Monday, June 29, 2009

logical fallacies, no more analogies

It's come to my attention recently that analogies are considered logical fallacies. I was looking for a bit more information on the subject - all analogies? Some analogies? Is there a Latin term for it? - and came across The Fallacy Files instead.

According to the site, only weak analogies are logical fallacies. This wasn't really the answer I was hoping for, at least not without a reliable way to determine whether a given analogy is strong or weak.

I've decided to err on the side of caution. I'm not going to use analogies at all, at least for a while. I suspect they have no real place in logical discussion - as a literary tool, ok, or a teaching tool, but not to lever an argument in one direction or another.

And in the meanwhile, click through this link for a nifty diagram of logical fallacies, with lots of nifty, colorful names - like the Tu Quoque (so little known that it's certain to derail an argument, if cited), or the Hot Hand Fallacy (with a name like that, doesn't it deserve a test drive?).

1 comment:

Jacob said...

Hume had a lot of fun poking holes in other people's fallacious analogies. My favorite story is when he was once confronted with the age-old argument-from-design, which goes back many, many centuries: His opponent asserted that the universe is so complex and functionally consistent that it's like a giant clock, and just as every clock has a sentient designer, so too must the universe.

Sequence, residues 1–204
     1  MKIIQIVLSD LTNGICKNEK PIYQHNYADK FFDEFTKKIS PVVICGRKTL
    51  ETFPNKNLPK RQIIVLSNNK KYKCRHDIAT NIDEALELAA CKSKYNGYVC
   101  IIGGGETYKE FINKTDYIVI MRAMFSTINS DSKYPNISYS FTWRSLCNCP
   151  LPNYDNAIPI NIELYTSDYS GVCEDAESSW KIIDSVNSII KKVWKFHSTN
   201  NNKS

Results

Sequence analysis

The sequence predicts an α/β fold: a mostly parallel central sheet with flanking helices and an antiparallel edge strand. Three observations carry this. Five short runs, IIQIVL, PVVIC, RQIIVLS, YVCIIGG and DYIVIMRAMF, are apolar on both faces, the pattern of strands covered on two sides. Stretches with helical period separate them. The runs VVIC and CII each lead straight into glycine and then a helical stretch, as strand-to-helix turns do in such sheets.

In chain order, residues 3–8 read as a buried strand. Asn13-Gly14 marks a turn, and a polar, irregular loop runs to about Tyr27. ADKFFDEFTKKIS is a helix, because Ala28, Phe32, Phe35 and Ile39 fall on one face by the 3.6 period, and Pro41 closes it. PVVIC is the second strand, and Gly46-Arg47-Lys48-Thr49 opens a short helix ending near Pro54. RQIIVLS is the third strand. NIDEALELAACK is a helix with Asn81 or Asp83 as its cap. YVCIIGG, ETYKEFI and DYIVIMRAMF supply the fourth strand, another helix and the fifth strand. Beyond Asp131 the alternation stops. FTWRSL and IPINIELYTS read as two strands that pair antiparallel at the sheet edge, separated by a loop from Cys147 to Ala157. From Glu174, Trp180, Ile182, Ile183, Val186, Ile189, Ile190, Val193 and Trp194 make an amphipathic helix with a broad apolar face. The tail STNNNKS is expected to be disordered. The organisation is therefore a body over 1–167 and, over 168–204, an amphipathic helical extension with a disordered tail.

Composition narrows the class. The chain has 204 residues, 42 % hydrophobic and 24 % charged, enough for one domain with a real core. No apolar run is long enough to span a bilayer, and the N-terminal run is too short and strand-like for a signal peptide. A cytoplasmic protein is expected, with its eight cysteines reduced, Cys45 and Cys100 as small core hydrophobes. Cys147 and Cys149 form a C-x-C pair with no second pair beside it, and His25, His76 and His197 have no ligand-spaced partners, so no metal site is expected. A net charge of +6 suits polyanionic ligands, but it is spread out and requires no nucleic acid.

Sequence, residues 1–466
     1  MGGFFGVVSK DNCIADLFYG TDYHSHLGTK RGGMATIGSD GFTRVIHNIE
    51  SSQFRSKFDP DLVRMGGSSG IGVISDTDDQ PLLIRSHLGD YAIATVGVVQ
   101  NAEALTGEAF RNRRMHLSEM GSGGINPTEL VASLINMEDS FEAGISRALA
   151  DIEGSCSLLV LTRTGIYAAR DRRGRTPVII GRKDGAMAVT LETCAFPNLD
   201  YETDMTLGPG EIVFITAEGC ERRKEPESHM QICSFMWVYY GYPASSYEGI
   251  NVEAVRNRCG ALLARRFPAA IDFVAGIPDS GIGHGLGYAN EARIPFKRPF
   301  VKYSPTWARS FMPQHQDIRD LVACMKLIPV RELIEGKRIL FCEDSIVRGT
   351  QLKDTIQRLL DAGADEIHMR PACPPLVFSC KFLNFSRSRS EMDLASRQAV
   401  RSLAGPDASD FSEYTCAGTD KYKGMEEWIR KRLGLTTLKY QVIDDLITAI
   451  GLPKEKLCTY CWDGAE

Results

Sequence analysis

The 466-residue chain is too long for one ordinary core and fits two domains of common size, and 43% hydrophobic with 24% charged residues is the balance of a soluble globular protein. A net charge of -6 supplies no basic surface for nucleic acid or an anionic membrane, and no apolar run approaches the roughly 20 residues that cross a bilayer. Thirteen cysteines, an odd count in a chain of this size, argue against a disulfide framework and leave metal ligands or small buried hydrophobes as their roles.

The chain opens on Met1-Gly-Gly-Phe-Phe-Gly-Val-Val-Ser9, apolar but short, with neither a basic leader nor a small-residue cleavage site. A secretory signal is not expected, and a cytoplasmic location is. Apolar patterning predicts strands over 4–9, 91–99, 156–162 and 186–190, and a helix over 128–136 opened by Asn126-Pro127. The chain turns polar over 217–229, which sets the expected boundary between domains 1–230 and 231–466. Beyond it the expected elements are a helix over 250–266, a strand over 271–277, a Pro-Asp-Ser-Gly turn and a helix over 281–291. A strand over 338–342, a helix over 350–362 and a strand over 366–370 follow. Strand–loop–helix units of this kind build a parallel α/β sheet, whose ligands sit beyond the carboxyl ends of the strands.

(I suppose that, when taken to its ultimate logical conclusion, this argument could actually be extended to show that the purported designer of the universe, like all real watchmakers, must himself have had parents, grandparents, and so forth. But it's hardly worth spending the time to make light of these sorts of theological inconsistencies that are endemic to the argument-from-design.)

Hume's response to his opponent was that a kangaroo is also complex and functionally consistent, and so, if the argument by analogy should be believed, then the universe must have arisen after two other universes had sex and procreated.

Hume's final assessment was that the only thing at all like the universe is, well, the universe, and so cosmological arguments by analogy are always going to be hopelessly weak.

I feel pretty much the same way about arguments by analogy in general, actually, especially when the subject is anything remotely complicated.